think of the law this way: some lawdog pitched this lead-testing idea because it was “for the children”. no one can vote against that, because then they’re viewed as not caring about children. checkmate.

  • Andrea

    I found this article from pennypile’s article. My husband is in the business of children’s toys. He has gone through countless hours of training about this new law. Target, Wal-mart, Toys R’ Us, etc have been warned about this for months and months now and have sold/liquidated most of the toys that have not been tested (think about those “awesome” Christmas sales). A lot of the toys on the shelves right now were manufactured AFTER these companies knew about the impending law and have already been tested and passed, therefore they are exempt. It is possible to test these things before the laws come into place. So, Target, Wal-mart, etc are prepared and are not going to go into a mad panic when Feb. 10 rolls around.

    As far as consignors, yard sales, etc go, the law does not apply to them in the same way. Go to Her most recent post about it clears up a lot of the misconceptions (sorry, I don’t have the direct link).

    As far as pennypile goes, I think you guys were a little hard on her. She has a wonderful blog and is very interested in helping others save money. She was just expressing her opinion, there was no reason to personally attack her.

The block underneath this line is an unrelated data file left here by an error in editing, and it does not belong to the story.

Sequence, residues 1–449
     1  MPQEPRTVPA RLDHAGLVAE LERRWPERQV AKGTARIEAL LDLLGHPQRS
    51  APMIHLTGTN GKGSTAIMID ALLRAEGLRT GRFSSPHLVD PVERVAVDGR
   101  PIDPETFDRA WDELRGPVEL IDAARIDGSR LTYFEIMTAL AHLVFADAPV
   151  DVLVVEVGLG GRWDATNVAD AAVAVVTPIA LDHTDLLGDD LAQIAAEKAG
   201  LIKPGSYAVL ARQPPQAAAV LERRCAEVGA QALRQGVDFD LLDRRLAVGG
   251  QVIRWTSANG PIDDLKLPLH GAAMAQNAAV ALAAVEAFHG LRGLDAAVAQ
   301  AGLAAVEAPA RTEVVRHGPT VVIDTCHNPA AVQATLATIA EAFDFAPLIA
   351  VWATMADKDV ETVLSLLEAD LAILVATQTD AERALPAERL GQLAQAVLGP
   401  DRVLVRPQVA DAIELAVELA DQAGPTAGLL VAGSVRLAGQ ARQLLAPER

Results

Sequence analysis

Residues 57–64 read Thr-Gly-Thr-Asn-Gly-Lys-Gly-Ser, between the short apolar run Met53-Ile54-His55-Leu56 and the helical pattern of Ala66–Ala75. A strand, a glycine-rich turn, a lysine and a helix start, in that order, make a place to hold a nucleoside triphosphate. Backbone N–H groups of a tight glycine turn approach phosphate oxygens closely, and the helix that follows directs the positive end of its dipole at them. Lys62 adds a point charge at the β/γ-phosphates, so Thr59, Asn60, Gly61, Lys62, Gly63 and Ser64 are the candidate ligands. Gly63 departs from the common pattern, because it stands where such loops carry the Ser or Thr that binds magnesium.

I understand the helpless feelings everyone has about this. It could potentially affect my livelyhood too, but I think it’s being blown out of proportion on the internet and scaring people unneccasarily. Good luck to everyone!

  • April
  • Lisa Fischer

    it was just on my local news that they wanted to clarify this act…it’s only going to be for NEW clothes/toys that have to be tested, not used. So YEAH!!

  • Ruby
  • Pingback: Update to End of Second Hand Clothes Post | Common Sense With Money()

  • December

    Unless you are a manufacturer of kids products…..Calm Down resellers will have no problems……

    This is the 3rd and 4th paragraph from the ACTUAL bill.

    The new safety law does not require resellers to test children’s products in inventory for compliance with the lead limit before they are sold. However, resellers cannot sell children’s products that exceed the lead limit and therefore should avoid products that are likely to have lead content, unless they have testing or other information to indicate the products being sold have less than the new limit. Those resellers that do sell products in violation of the new limits could face civil and/or criminal penalties.

    When the CPSIA was signed into law on August 14, 2008, it became unlawful to sell recalled products. All resellers should check the CPSC Web site ( for information on recalled products before taking into inventory or selling a product. The selling of recalled products also could carry civil and/or criminal penalties.

    Read the whole thing here.

  • I signed the petition and contacted my Senator about this. Thank you for posting.